The Transportation Security Administration (TSA), a governmental agency tasked with securing all modes of transportation in the U.S., has noticed an increase of airline passengers traveling with airbags – yes, the government-mandated inflatable safety devices that reside in our vehicles to keep us from impacting the steering wheel, dashboard and side pillars in a crash. While airbags are pricey commodities on the secondary market in the States, they are worth even more overseas says the TSA. Looking to save a few bucks, dim-witted passengers are packing the airbags in their checked baggage and carry-on luggage to avoid the legal (but complicated) shipping procedures.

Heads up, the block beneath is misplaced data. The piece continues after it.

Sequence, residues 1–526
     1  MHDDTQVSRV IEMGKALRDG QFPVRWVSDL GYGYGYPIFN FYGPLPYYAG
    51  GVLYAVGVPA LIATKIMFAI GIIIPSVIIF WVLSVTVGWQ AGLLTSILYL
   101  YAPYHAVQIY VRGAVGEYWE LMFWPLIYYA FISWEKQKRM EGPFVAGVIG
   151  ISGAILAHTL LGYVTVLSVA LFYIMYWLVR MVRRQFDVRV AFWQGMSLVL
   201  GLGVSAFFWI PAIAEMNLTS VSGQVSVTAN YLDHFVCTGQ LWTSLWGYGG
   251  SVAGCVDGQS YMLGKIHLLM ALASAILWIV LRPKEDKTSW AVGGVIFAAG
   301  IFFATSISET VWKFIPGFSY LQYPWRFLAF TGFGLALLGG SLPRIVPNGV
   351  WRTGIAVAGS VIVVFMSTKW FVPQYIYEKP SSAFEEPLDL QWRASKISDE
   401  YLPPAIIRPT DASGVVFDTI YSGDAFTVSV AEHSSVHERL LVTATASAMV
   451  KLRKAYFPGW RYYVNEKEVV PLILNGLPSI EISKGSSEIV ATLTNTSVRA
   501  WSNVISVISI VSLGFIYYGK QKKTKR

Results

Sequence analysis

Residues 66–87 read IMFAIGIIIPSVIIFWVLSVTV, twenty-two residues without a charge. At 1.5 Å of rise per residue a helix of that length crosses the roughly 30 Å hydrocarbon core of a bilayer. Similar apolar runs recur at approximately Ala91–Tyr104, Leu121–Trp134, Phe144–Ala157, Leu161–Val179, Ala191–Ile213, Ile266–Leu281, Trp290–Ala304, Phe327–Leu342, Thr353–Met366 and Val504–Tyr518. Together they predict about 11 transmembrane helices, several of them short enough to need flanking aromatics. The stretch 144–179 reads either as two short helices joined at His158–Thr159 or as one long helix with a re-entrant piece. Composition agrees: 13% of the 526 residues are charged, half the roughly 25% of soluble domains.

As a refresher, the typical automotive airbag is quite the explosive little bundle – it does not make a great travel companion. Packed tightly within its protective covering is the folded nylon airbag – but that's the inert part. A tiny igniter sits poised behind the bag waiting for the signal to set off the solid propellant (think Space Shuttle SRB). When it goes, a large volume of nitrogen gas is released at about 200 mph – the bag is fully expanded in about 1/25 of a second (it will knock your peanuts clear to first class, if you were wondering).
Common knowledge says these things simply don't blow by themselves – it takes a 12-volt charge to set airbags off (don't try it at home, kids). In any case, the Federal Aviation Administration's Office of Security and Hazardous Materials has added airbag actuators to the list of non-approved hazardous materials. The TSA wants to remind everyone to ship the "hazmat" airbags via the proper channels – do not bring them with you on a commercial airliner.
[Source: Transportation Safety Administration, Photo by TSA]